Making the workplace more inclusive is a major HR priority. 80% of professionals want to work for an inclusive company. Yet up to 46% say they’ve experienced discrimination in their career.

Does your company want to increase inclusivity and diversity, but you’re not sure where to start? If the answer's yes, WhosOffice has put together seven practical strategies for change.

Here are our top tips for making your workforce feel comfortable, welcome and able to thrive:

1. Offer flexible working opportunities

Many talented people feel excluded from certain roles because of their personal commitments. There are many reasons why the traditional 9am-5:30pm day doesn’t work for certain staff members. For example, parents may have to leave early for the school pick-up.

Introducing flexible hours can help your firm to attract more talent. Companies like Systematic Print have introduced compressed hours for a better work/life balance. There's also real evidence that four-day weeks can benefit staff.

Plus, flexibility helps your existing employees stay loyal if their circumstances change. It's simpler and cheaper to change someone's working hours than recruit a replacement.

2. Create inclusivity policies

Many firms want to be inclusive but have no formal diversity documentation. Creating an HR toolkit can help you identify ways to make employees feel more comfortable at work.

Even simple changes like adding employee pronouns to email signatures make a big difference.

3. Train staff to use inclusive language

Staff education is another cornerstone of work inclusivity. People may not realise they could be doing more to support their colleagues.

One training session that employees find useful is inclusive language in the workplace. For instance, staff may instinctively refer to a group of people as “guys”. However, a gender-neutral term like “folks” or “team” could be more appropriate.

If you’re part of an international company, global English for non-native speakers is another helpful training session. And online HR software allows you to keep track of which courses staff members have completed.

4. Introduce unbiased recruitment processes

Sometimes becoming more inclusive means admitting where natural bias influences your decisions. Recruitment is one such area.

It’s easy to make snap judgements about someone when you see their CV. People’s age, gender, nationality and education can affect whether they progress to interview.

To stop personal preferences impacting decisions, some companies are introducing unbiased recruitment processes. All CVs have personal information removed, to focus on people’s skills and capabilities.

This ‘blind’ approach to recruitment can help you attract increase diversity and think outside the box.

5. Make sure your holiday calendar is multicultural

Company holiday policy can have a major impact on who works for your company. For example, offering unlimited annual leave may make your firm more attractive to new talent.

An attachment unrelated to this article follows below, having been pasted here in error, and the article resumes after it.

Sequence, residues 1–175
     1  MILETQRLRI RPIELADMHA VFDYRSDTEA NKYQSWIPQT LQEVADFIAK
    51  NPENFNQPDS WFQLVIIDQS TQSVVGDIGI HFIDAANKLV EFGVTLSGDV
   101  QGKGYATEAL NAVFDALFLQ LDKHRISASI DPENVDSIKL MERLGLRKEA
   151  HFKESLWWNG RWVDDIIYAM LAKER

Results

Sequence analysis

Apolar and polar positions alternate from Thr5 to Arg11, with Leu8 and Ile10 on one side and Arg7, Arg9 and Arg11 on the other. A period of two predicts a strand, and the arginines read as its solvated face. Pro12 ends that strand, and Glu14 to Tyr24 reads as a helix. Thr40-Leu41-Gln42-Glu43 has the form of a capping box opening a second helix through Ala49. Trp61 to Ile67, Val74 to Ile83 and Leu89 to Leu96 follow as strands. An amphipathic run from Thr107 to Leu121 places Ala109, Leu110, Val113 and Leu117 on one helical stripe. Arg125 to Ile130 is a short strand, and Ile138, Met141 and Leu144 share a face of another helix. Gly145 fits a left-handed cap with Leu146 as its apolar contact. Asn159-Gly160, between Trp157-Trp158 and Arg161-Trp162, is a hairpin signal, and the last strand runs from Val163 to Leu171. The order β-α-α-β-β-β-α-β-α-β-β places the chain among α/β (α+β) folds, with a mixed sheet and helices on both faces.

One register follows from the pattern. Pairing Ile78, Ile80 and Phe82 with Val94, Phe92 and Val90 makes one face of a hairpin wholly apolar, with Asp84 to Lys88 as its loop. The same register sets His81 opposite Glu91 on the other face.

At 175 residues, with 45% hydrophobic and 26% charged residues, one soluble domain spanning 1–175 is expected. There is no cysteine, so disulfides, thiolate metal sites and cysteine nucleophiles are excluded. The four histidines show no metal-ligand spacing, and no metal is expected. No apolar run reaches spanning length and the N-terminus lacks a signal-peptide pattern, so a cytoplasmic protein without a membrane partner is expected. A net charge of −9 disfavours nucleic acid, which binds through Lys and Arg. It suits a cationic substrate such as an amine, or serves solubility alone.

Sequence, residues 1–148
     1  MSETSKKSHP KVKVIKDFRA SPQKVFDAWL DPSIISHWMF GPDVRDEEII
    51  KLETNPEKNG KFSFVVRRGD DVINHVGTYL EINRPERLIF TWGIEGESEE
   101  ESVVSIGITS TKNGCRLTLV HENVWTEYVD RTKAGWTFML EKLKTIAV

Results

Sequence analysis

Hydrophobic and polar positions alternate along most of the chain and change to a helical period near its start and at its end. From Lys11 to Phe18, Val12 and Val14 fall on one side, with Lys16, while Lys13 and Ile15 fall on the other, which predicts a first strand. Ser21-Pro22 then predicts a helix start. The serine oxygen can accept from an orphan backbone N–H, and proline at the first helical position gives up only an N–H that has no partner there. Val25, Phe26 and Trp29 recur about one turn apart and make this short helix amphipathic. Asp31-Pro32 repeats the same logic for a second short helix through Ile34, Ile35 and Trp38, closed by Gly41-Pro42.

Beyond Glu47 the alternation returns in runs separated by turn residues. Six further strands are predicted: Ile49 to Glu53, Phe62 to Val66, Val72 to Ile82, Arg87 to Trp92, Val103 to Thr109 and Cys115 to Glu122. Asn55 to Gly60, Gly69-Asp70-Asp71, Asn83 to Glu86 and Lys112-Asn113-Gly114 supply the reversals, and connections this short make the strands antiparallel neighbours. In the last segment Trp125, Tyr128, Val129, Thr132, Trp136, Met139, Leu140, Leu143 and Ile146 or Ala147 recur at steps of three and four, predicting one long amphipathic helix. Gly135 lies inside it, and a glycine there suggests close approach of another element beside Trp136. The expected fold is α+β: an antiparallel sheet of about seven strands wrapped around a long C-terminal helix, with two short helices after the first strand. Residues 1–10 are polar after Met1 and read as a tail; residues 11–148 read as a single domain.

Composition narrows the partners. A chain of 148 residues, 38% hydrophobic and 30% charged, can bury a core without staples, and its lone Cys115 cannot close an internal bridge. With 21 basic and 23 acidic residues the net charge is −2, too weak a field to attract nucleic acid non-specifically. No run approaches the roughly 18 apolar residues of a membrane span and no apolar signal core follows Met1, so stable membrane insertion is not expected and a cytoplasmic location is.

Public holidays are another key consideration. Make sure you consider alternative calendar events in your staff leave planner. For example, team members may prefer to take time off for Eid or Diwali, rather than Christmas.

Creating a multicultural holiday calendar respects the diverse beliefs of your workforce. And managing staff movements through an online staff holiday planner will help you to track when personnel have booked time off.

6. Treat every employee as an individual

Employing people with a broad mix of skills and qualities is what makes your business unique. Understanding each person’s individual strengths and weaknesses will help you to get the most from them.

Getting to know the nuances of every employee will enable you to tailor their working environment. For example:

  • Some staff members will feel happier working from home, while others prefer the office
  • Some employees are happy to do phone or video calls, but others like face-to-face meetings
  • Outgoing people prefer open-plan offices, whereas introverts like a quiet space to work

Scheduling time for a 1:1 employee catch-up will allow you to find out more about what makes your team tick. If your business has people management software, you can document this information centrally to shape your inclusivity strategy.

7. Encourage 360-degree employee feedback

Sometimes the best inclusivity initiatives are suggested by the wider workforce. But you can’t change your culture if you’re not listening to your team.

Allowing staff to give multi-directional feedback will encourage honesty, openness, and continuous improvement. And if your company is using HR software, you can diarise regular feedback requests to track what’s working - and what isn't.

Build an inclusive business with people management software

While inclusivity and diversity are cultural goals, your company needs the organisational tools to document and implement new strategies.

WhosOffice can help you to build a more inclusive business by improving the way you create schedules, communicate with your team and manage HR requirements. It’s a one-stop people management tool that still allows you to accommodate each person’s individual needs.

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